One other thing. All such propositions, including constitutional amendments, only need 50%+1 to pass. Let me repeat that: in the state of California, we can amend the state constitution in almost any way you can imagine by simple majority vote, but to raise taxes, you need two thirds.
I think that's pretty screwed up.
Another issue I have with the proposition system is the sheer volume of issues that come before the voters. In every statewide election -- primary and general elections in even-numbered years, special elections as necessary in other years -- there are anywhere from five to ten proportions on the ballot. That's five to ten often-complex issues with far-reaching and unclear consequences that voters need to research and come to an informed decision on. And that's just the start, because every county, and most of the cities, can put their own initiatives on the ballot by the same means: legislative body vote (i.e. city council or the county board of supervisors) executive decision (i.e. the mayor), or by petition. Which can easily double the number of propositions, especially in San Francisco. In SF, I have seen as many as 20 local issues on the ballot, some years on top of more than 10 statewide initiatives. And it is just too much. How can we expect the populace to be informed voters on so many issues? Answer: we can't. So people will go on instinct, or on endorsements, or on advertising, which makes it scarily easy for a wealthy entity to buy the result they want. Like oil and tobacco companies. Or the Mormon Church.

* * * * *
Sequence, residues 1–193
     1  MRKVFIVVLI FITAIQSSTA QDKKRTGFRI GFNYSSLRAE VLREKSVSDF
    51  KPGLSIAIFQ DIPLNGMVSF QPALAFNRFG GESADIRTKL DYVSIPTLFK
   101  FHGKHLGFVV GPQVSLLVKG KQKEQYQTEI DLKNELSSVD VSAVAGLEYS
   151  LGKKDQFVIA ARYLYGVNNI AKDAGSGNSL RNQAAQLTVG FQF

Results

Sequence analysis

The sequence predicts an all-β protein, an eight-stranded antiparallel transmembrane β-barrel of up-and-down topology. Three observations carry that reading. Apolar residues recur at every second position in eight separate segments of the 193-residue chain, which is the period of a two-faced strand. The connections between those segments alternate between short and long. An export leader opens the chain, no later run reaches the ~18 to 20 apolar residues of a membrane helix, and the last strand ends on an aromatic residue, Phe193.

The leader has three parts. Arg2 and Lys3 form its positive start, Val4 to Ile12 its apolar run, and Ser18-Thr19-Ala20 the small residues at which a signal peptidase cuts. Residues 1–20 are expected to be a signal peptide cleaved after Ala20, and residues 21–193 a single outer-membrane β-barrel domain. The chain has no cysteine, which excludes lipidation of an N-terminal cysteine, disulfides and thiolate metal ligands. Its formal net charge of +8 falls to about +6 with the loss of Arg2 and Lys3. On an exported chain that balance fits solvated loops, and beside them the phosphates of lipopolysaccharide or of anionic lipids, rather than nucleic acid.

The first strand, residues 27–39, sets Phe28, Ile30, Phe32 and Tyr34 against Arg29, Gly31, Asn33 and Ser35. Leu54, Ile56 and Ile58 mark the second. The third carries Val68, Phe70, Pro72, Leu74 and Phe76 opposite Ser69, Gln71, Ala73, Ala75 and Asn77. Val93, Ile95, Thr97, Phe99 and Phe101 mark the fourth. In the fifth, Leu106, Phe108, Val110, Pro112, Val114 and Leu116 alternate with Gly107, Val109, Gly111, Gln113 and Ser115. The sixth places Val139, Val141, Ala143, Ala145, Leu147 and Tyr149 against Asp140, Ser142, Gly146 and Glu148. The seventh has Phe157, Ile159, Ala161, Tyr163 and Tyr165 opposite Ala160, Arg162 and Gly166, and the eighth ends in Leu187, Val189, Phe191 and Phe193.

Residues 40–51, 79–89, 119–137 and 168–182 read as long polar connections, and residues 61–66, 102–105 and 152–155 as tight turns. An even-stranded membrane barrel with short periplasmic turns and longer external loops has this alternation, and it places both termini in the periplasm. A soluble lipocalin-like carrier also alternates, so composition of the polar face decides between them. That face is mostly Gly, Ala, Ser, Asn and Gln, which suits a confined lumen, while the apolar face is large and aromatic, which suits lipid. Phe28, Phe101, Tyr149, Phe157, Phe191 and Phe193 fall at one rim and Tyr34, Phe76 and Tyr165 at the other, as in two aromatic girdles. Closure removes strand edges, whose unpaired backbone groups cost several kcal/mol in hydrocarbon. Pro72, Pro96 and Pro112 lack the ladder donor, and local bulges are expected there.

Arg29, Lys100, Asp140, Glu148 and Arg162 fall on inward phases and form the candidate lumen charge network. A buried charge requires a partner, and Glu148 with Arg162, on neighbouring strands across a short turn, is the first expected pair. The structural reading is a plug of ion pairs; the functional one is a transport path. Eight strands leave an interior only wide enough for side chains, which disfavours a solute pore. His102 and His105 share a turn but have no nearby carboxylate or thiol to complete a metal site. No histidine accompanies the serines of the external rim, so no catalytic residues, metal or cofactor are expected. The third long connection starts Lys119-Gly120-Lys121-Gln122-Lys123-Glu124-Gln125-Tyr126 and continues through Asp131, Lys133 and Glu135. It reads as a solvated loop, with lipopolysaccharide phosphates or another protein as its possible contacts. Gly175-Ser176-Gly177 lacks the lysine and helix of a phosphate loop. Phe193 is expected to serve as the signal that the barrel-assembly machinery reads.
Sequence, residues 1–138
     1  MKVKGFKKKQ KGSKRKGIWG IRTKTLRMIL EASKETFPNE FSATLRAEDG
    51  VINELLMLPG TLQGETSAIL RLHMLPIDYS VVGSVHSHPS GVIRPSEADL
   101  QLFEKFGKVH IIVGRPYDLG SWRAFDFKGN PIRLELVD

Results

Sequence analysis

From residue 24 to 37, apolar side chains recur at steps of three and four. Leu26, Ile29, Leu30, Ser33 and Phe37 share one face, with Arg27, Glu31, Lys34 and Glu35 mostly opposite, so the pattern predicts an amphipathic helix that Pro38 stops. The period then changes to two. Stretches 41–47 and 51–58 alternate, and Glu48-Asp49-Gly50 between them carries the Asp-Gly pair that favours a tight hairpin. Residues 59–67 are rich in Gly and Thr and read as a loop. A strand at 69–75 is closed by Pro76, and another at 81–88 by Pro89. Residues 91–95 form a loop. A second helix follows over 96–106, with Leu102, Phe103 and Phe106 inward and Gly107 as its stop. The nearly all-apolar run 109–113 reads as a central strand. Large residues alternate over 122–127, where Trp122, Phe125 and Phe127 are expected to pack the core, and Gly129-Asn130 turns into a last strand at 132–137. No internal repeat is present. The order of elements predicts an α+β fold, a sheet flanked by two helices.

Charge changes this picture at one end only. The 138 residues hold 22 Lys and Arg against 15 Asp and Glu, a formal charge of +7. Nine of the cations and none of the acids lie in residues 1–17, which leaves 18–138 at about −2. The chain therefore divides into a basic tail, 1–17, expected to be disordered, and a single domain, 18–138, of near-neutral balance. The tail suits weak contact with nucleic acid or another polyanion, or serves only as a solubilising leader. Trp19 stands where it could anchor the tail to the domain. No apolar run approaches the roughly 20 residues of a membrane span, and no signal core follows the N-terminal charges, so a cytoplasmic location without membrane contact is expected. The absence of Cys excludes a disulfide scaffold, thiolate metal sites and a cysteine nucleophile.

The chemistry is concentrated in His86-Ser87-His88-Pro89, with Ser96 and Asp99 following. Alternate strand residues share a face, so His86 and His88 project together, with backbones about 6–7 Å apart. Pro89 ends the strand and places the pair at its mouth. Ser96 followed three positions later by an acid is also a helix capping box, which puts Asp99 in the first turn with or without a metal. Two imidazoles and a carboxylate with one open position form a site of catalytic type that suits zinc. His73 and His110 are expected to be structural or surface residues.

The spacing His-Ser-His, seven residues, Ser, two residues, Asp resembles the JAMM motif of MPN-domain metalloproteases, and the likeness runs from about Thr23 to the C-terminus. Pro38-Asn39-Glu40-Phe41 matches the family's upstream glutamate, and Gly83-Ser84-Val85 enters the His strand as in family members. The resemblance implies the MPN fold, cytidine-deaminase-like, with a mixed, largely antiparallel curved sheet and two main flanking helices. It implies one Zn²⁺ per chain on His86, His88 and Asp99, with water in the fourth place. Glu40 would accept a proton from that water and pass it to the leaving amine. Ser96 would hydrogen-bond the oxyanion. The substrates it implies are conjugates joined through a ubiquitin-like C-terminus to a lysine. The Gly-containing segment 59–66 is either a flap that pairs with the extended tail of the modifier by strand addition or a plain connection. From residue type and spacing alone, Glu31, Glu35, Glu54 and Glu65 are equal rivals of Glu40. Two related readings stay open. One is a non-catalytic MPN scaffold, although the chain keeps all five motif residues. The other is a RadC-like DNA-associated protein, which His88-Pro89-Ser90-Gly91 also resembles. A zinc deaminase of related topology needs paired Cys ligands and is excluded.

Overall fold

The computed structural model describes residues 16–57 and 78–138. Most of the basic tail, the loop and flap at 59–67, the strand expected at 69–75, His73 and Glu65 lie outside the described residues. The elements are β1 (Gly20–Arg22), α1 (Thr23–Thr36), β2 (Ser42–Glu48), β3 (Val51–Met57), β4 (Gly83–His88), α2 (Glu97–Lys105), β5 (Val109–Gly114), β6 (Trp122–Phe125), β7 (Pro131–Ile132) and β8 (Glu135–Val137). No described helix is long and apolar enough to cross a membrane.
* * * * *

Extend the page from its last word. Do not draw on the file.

I understand the appeal of direct democracy. But a state of 37 million people is too large, too complex, too diverse to run properly as a direct democracy. Even a city of 700,000 people is too big. It's government by amateurs, a problem exacerbated by California's strict term-limit laws. Every elected official in the state is subject to a limit of two terms, including the State Assembly, where members serve two-year terms. They barely get time to learn how to navigate the system, much less build coalitions and constituencies, and so nothing ever gets done. I agree that entrenched incumbent politicians who no longer feel beholden to their districts are a serious issue, but I don't think term limits are the answer. (Personally, I think actual campaign finance reform would do us a lot more good.) I do not believe that career politician is a dirty word. In fact, I'd rather be represented by someone who has decided to make a career out of serving the public. I want to elect smart people who I can trust to research the issues and then work with their colleagues to craft the laws, and taxation systems, that best balance the needs of everyone. That's what a representative democracy is supposed to be, and I wish Californians trusted the system to do its job.
But alas, unless something changes drastically, it is not to be. Every time anyone has tried to chip away at the proposition system, or Prop. 13, or term limits, they have failed. And more and more other states seem to be embracing direct democracy, and I wonder if the federal government can be far behind. And then I distract myself and start thinking about something else, because I find the prospect too horrifying to contemplate for long.